Pakistan blocked access to YouTube Monday after the video sharing website failed to take down an anti-Islam film that has sparked furious protests across the Muslim world.
Attempts to access YouTube met with a message saying the website had been classed as containing "indecent material" and was blocked on the orders of the Pakistan Telecom Authority.
Two protesters died in Pakistan on Monday as the backlash against the film spread across the region and angry demonstrators clashed with police, hurling stones and shouting: "Death to America."
Protests also took place in Afghanistan, Indonesia, the West Bank, the Philippines and Yemen in the latest eruptions of anger over the low-budget trailer aired on YouTube that has now led to the deaths of at least 19 people.
The movie entitled "Innocence of Muslims," believed to have been produced by a small group of extremist Christians, has sparked a week of furious protests outside US embassies and other American symbols in at least 20 countries.
In Pakistan, thousands of students burned American flags and chanted anti-American slogans in the northwest city of Peshawar, where Osama bin Laden kept a home during the 1980s jihad against Soviet troops in adjacent Afghanistan.
In the nearby district of Upper Dir, next to to a former Taliban stronghold crushed in 2009, a protester was killed and two others wounded in a shootout with police.
The crowd of about 800 people set fire to a magistrate's house and the local press club. In Karachi, Pakistan's biggest city, another demonstrator died after being shot in the head during clashes with police near the US consulate on Sunday.
Around 500 angry protesters in the eastern Pakistani city of Lahore tried to reach the US consulate but were driven back by police with tear gas.
In neighbouring Afghanistan, protests turned violent for the first time when more than 1,000 Afghans protested in Kabul, setting police cars and commercial storage containers ablaze, police told AFP.
Between 40 and 50 policemen were "very slightly wounded" by stone throwers and members of the crowd waving sticks, said Kabul police chief Mohammad Ayoub Salangi.
A police official, who gave his name only as Hafiz, said protesters also threw stones at Camp Phoenix, a U.S.-run military base in the capital, but were later driven back.
Google has barred access to the video in Egypt, India, Indonesia, Libya and Malaysia, while the government has restricted access to Google-owned YouTube in Afghanistan.
The Pakistan Telecom Authority on Monday said it had blocked 934 "anti-Islam websites" on the Internet and over 650 video postings, or URLs, on YouTube.
The move came after the Pakistani Supreme Court ordered the blocking of "all anti-Islamic blasphemous videos on YouTube, including the recently launched anti-Islamic film that has sparked protests across the Muslim world".
Prime Minister Pervez Ashraf also ordered the authorities to "block the services of You Tube with immediate effect" over blasphemous material.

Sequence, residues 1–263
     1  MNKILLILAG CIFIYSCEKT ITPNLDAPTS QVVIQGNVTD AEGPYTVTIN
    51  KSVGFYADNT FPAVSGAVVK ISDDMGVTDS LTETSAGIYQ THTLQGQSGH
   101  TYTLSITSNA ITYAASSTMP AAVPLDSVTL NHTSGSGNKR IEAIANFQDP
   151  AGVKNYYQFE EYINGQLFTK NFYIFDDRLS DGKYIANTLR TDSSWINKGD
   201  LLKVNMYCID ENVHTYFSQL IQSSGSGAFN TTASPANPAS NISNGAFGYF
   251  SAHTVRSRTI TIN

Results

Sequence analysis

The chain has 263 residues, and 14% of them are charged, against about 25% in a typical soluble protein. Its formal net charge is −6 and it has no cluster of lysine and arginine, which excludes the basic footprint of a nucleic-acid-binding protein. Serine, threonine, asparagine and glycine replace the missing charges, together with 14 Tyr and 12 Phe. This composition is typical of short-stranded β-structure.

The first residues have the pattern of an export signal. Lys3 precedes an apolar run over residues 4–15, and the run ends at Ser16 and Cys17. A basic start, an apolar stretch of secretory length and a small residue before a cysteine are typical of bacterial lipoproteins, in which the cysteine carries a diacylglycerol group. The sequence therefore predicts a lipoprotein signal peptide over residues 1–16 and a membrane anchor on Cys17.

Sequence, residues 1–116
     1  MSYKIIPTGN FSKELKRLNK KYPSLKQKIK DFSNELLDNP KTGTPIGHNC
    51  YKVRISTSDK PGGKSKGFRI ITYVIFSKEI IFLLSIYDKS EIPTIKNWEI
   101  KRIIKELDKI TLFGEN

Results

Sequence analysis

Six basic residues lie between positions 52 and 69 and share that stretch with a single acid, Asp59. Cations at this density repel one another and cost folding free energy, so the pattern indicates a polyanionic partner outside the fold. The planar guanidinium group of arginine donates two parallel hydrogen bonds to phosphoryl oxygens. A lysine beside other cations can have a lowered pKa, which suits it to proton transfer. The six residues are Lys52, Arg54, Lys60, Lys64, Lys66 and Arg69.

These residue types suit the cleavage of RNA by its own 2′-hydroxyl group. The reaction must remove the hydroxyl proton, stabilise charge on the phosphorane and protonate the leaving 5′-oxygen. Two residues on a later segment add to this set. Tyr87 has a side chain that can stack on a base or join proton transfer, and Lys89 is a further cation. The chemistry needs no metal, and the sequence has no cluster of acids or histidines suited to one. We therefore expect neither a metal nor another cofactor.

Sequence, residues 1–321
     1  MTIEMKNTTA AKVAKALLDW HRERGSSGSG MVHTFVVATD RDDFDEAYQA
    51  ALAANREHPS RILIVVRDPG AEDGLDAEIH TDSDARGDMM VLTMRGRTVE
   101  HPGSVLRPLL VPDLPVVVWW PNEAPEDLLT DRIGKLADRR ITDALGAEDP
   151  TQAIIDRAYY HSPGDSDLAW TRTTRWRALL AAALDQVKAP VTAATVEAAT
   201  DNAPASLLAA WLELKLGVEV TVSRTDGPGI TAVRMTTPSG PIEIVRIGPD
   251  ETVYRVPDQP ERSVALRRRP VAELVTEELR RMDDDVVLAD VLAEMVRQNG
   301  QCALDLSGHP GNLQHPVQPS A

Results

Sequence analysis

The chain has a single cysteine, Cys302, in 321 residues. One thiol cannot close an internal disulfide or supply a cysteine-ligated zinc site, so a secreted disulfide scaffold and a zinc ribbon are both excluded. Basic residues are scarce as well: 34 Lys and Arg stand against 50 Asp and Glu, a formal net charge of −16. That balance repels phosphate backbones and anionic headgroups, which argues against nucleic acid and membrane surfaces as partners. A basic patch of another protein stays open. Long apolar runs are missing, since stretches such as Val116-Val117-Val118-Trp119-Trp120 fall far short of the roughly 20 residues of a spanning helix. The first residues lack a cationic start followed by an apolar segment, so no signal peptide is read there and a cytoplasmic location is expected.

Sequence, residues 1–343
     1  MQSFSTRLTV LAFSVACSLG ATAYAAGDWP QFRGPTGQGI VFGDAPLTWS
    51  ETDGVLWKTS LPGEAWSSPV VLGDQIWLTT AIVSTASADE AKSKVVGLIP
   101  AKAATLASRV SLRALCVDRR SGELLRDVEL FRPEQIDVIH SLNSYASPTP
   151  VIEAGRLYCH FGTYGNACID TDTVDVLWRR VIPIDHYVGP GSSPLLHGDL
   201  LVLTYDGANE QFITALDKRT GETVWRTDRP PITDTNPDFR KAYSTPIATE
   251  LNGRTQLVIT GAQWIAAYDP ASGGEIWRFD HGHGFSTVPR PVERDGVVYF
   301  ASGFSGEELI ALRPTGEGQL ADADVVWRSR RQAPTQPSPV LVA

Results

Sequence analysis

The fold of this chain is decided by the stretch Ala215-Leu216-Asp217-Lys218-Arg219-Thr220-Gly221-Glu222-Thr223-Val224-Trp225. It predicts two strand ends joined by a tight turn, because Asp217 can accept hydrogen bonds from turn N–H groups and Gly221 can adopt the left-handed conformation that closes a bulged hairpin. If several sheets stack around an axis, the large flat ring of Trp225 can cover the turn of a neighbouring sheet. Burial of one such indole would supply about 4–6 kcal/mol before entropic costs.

In Jakarta, protesters hurled petrol bombs and clashed with Indonesian police outside the US embassy shouting "America, America go to hell", as demonstrations in the world's most populous Muslim nation turned violent.
Police were seen kicking or dragging away some of the protesters, while one policeman was taken away in an ambulance with his face bleeding.
Many of the protesters were supporters of hardline Islamic groups and were dressed in identical white Muslim garb, an AFP reporter saw.
The capital's police chief Untung Rajab said 11 policemen and a protester were injured and taken to hospital, and that four protesters were arrested.
The fresh violence came a day after the head of the Shiite Muslim movement Hezbollah, blacklisted in the United States as a terrorist group, called for a week of protests.
Hassan Nasrallah described the film as "the worst attack ever on Islam" – worse than "The Satanic Verses" by British author Salman Rushdie, who has been under an Iranian fatwa calling for his murder since 1989.
"The whole world needs to see your anger on your faces, in your fists and your shouts," he said in a televised speech broadcast just hours after Pope Benedict XVI ended a historic three-day visit to Lebanon.
Al-Qaeda in the Arabian Peninsula has also demanded violence against US diplomatic missions in the Middle East and Africa, and on US interests in the West.
The unrest began in Cairo, where protesters stormed the US embassy last Tuesday, replacing the Stars and Stripes with an Islamic banner.
Hours later the U.S. consulate in Libya's eastern city of Benghazi came under sustained attack, with four Americans killed, including ambassador Chris Stevens.
Mass demonstrations after the main weekly Muslim prayers on Friday saw 11 protesters killed as police battled to defend US missions from mobs in Egypt, Lebanon, Sudan, Tunisia and Yemen.
The United States has deployed counter-terror Marine units to Libya to protect the Tripoli embassy and stationed two destroyers off the North African coast.
It has also sent a Marine unit to protect the US embassy in Yemen, where police shot dead four protesters and wounded 34 others on Thursday as a mob breached its perimeter.
Hundreds of Yemeni students demonstrated on Monday calling for the expulsion of the US ambassador and condemning the Marines' deployment, an AFP reporter said.
The United States has evacuated all non-essential staff and family members from Sudan and Tunisia and warned US citizens against travel to the two countries.
And in Afghanistan, two U.S. Marines died and six U.S. fighter jets were destroyed when Taliban fighters on Friday stormed a giant airfield to avenge the anti-Islam film.